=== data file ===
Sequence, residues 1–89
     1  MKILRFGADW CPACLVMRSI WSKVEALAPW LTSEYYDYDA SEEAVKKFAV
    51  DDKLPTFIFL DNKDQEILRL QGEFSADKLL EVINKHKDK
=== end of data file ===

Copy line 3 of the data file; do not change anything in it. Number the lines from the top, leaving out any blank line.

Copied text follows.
    51  DDKLPTFIFL DNKDQEILRL QGEFSADKLL EVINKHKDK